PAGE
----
Mississauga sees 82% increase in COVID-19 hospitalizations in last month; Peel lockdown yet to reduce cases
Photos from City of Brampton/Trillium Health Partners/Navy Medicine

Mississauga sees 82% increase in COVID-19 hospitalizations in last month; Peel lockdown yet to reduce cases

With hospitals overwhelmed, Peel Region politicians expressed frustration over lockdown measures Thursday, though provincial infectious disease modelling presented the same day offered a clear case for the restrictions. 

Ontario is at a “critical juncture” in its effort to flatten the COVID-19 transmission curve – a clear peak, and downward trend, are not yet in sight.

On Thursday, Health Minister Christine Elliott reported 1,983 new cases; 515 in Peel and 496 in Toronto. The lockdown in both regions appears to have slowed the alarming rate of increase in November but on Thursday provincial health experts said placing the two areas in the most restrictive category has not yet resulted in a reduction of daily cases, 18 days after both were moved into the "grey zone".


Viral infection rates in Peel have far outpaced all other areas of the province.


Local hospital intake data provide a glimpse into how the exponential transmission of the deadly virus that causes COVID-19 can, in a short time, consume healthcare providers. Mississauga’s two hospitals, run by Trillium Health Partners, have seen an 82 percent increase in new COVID-19 patients over the last four weeks, a spokesperson confirmed in a statement to The Pointer. The highest number of COVID-19 patients cared for to date was on April 27, during the first wave, when the hospital was treating 125 patients.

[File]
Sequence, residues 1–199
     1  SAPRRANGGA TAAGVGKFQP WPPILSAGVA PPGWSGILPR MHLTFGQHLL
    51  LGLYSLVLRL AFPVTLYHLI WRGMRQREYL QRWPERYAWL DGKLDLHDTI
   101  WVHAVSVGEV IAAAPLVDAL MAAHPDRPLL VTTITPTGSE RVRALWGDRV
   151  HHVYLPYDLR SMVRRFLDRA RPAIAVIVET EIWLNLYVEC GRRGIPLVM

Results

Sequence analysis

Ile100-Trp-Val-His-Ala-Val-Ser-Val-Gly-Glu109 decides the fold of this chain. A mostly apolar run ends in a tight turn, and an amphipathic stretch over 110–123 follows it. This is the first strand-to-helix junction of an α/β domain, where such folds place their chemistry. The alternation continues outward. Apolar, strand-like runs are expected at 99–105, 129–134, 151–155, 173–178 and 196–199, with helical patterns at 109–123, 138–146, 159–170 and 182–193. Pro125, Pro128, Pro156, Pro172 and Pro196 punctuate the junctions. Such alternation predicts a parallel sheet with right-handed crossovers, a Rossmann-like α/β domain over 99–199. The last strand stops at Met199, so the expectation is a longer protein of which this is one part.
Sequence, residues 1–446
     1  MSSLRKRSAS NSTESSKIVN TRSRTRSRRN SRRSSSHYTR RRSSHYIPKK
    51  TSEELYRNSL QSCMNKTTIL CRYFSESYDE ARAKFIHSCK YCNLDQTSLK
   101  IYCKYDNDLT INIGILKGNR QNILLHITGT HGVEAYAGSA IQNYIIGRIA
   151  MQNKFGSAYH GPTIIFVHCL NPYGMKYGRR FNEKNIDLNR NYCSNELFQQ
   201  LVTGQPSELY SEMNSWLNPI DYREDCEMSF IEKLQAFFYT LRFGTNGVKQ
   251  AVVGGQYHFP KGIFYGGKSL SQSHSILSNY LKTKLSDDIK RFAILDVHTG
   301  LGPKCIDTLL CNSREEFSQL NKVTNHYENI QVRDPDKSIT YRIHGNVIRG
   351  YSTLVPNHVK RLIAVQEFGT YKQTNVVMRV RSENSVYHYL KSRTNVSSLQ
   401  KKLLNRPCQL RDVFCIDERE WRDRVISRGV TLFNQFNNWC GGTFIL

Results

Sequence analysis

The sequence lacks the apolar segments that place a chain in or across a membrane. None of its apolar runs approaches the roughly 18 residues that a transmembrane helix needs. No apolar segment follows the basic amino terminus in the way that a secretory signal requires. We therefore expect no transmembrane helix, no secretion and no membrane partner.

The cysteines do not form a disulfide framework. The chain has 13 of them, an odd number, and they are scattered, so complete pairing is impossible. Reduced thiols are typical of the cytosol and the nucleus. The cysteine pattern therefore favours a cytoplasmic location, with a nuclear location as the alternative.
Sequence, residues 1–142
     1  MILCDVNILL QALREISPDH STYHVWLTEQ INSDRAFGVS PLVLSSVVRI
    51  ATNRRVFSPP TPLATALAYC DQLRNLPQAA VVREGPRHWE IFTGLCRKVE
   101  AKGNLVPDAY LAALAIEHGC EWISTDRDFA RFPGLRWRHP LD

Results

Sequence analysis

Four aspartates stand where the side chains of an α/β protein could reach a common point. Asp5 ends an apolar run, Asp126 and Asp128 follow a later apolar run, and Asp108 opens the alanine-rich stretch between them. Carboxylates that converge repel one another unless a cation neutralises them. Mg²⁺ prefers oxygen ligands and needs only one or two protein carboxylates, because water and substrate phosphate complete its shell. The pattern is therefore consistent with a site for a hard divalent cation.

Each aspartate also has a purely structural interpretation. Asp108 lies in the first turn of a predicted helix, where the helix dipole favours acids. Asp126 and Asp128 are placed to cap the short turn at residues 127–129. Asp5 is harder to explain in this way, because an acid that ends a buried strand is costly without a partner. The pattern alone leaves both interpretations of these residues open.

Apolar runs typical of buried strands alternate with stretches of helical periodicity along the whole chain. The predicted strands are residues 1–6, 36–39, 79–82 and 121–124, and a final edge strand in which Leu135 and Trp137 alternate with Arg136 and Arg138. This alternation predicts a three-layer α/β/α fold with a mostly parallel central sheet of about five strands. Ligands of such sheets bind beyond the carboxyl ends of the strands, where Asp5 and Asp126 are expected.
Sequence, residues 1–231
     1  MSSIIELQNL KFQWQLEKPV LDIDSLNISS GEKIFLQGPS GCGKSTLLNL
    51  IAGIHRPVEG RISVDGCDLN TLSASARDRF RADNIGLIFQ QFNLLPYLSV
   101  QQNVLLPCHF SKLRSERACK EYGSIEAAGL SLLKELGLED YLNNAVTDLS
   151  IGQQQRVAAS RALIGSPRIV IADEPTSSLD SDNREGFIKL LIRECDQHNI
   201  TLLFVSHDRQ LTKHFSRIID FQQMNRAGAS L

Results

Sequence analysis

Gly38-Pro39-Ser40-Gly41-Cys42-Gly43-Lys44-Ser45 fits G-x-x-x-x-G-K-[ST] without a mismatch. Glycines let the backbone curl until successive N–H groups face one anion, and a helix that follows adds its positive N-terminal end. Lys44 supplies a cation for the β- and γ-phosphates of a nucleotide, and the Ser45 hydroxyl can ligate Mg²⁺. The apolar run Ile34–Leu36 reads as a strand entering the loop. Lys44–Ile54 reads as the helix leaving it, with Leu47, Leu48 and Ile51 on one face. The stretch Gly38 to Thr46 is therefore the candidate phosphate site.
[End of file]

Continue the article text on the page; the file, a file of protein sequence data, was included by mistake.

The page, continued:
As of Thursday, Trillium hospitals had 84 patients with COVID-19, 66 of whom are inpatients and 18 in critical care. Those with the virus represent about 6.5 percent of all patients.  

Across Ontario, critical care-unit occupancy rates are projected to hover above 200 beds, assuming zero percent growth, for the next month. This could rise if health interventions are relaxed, said Adalsteinn Brown, Chair of the Ontario COVID-19 Science Advisory Table, at a Thursday COVID-19 briefing alongside Dr. David Williams, Ontario’s chief medical officer.

“We’re already within striking distance of the roughly 280 ICU beds that were occupied at the peak of the first wave, and if we do see three percent growth, we will exceed that,” Brown said.

Williams will be recommending further restrictions Friday for certain regions, which he did not name.  

York Region, which is currently in the “red-control” restriction stage, has been teetering toward a lockdown. On December 8, CEOs at Markham Stouffville Hospital, Mackenzie Health, and Southlake Regional Health Centre jointly issued a statement saying York’s hospitals are at “a tipping point”.